I’m working on an article about the evolution of cyberpunk and I found myself thinking about William Gibson’s shift from cyber noir into postcyberpunk. It happened with a novel called “Pattern Recognition”, and I bring it up because the protagonist Cayce is allergic to brands. She gets sick when she sees a logo. Marketing firms hire her because she has an eye for good design – the few logos that she can physically tolerate. She feels debilitated around places like Times Square, where the number of brands overwhelms the senses. “Chip ‘n Dale: Rescue Rangers” would have seen her hunched over a garbage can.
Let’s get this out of the way first: most people like this movie. You might, too. My reaction to it appears to be clearly in the minority. If you like it, that’s awesome and I’m glad you do. I’m not going to super-focus on trashing it or anything. OK, maybe a line or two, but that’s it. I’ll go through what I don’t like, but for me, it opens up a far more interesting conversation about the increasing habit of brand packing such as in this or “Ready Player One”. I don’t take to it the way some do, and where that line of tolerance exists for different viewers is really interesting to me.
“Chip ‘n Dale: Rescue Rangers” was a series I loved as a kid. I was way too young to remember much when I watched it. My memory of it is really just brief impressions. I couldn’t name a specific scene if you asked, so I don’t have nostalgia for it as much as I have curiosity about what it can be.
The animated series followed chipmunks Chip and Dale, riffs on Indiana Jones and Magnum, P.I. They start a detective agency together and handle cases brought to them by other animals.
The new movie decides this is all a show the pair are cast in, and decades later the chipmunk actors who played those parts have gone their separate ways. It allows the film to tackle a world of human and animal actors – many of whom are 2D cartoons getting 3D surgery to appear in 3D-animated films. It’s very similar to “Who Framed Roger Rabbit” in terms of worldbuilding. Dale is still pursuing acting, so he’s gotten the 3D surgery, while Chip is content to work in insurance as the same old 2D version of himself.
They parted on bad terms, but the kidnapping of cartoon actors forces them to work together when their friend Monterey Jack (a mouse actor on “Rescue Rangers”) is kidnapped. The culprits are bootleggers, who redraw the kidnapped cartoon actors into similar but legally distinct characters they can then film in foreign knockoffs.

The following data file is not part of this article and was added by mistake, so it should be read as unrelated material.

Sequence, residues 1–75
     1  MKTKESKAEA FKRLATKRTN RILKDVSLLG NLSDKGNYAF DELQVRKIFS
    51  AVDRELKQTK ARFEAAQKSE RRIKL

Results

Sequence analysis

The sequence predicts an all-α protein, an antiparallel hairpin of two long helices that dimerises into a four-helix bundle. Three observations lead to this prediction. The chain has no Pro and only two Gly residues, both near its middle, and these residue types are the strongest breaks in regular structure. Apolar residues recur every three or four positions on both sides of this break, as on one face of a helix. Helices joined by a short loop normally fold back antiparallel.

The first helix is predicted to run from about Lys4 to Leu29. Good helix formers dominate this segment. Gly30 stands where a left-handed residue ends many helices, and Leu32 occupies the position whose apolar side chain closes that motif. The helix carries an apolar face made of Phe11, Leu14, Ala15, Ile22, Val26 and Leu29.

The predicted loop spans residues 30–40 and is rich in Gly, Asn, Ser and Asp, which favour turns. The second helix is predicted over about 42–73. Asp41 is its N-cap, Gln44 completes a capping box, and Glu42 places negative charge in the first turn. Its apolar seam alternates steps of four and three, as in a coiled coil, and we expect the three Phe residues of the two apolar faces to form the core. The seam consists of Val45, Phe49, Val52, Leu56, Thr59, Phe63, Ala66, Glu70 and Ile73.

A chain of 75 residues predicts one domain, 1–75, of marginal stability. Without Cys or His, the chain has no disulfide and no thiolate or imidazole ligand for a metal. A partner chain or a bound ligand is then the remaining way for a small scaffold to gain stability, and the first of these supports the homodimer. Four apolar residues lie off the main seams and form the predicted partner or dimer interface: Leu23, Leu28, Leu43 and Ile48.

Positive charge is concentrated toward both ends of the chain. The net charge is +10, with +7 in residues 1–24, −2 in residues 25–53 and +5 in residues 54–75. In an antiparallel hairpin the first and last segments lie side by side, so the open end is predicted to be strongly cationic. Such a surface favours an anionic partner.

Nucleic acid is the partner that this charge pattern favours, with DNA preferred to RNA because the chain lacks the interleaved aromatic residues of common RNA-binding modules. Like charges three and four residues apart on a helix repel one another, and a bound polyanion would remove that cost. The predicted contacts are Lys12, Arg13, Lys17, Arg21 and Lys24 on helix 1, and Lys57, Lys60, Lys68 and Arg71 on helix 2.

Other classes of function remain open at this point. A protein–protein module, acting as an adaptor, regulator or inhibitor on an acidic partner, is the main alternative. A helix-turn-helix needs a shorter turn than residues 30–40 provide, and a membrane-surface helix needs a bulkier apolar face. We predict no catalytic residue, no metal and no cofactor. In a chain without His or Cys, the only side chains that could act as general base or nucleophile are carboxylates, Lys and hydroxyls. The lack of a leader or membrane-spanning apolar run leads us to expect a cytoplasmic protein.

That’s clever, but “Chip ‘n Dale: Rescue Rangers” always seems to stop at clever. There are few punchlines, just a lot of smart set-up. One scene involves police investigating the crime and telling Chip and Dale they’re at a dead end. It combines 2D, 3D, stop-motion, puppetry, and live-action to some stunning effect. Some of these are emulated through CG rather than being the actual medium, but the scene is a successful meld of influences nonetheless. The problem is that nothing happens in it. The stop-motion detective in charge tells them several times over that he can’t do anything, and then a live-action officer just names the next plot point so they can get to it.
This highlights some big problems in the film. The script is repetitive and feels like a rough draft of concepts that need to be fleshed out with more specific dialogue later. Even a kids film (although this is a pretty adult take on it in places) needs dialogue that at least pretends it’s not the same conversation you’ve heard in a thousand movies before.
All the live-action actors come off as extremely wooden. Bob Hoskins, Christopher Lloyd, and Joanna Cassidy were anything but un-emotive in “Who Framed Roger Rabbit”. A hybrid animation like this is a brilliant excuse to choose certain emotional ranges for live-action characters and play them up. Although it’s a little bit different as a hybrid medium, take a look at any Muppets movie for another example of this approach. That’s completely missing here.
As for the animated characters, Chip and Dale were once a charmingly optimistic and playful odd couple. They’re just downright annoying here. John Mulaney’s fine voice-acting Chip, but Andy Samberg’s Dale comes off as Andy Samberg. He’s a great ensemble player when he has a Chelsea Peretti, Terry Crews, or Cristin Milioti to do the heavy lifting of everything else going on, but I have trouble with him as the central focus. He highlights moments in comedy rather than carrying them the whole way. That’s not a criticism; very few people can do that. It just means that I don’t think he’s used right at all here.
The biggest issue by far is probably the most divisive one. “Chip ‘n Dale: Rescue Rangers” has received a ton of praise for how many character brands it packs into its world. This is what reminds me of Cayce from “Pattern Recognition”. It all starts to feel less like worldbuilding and comedy, and more like an infomercial for unused discount brands.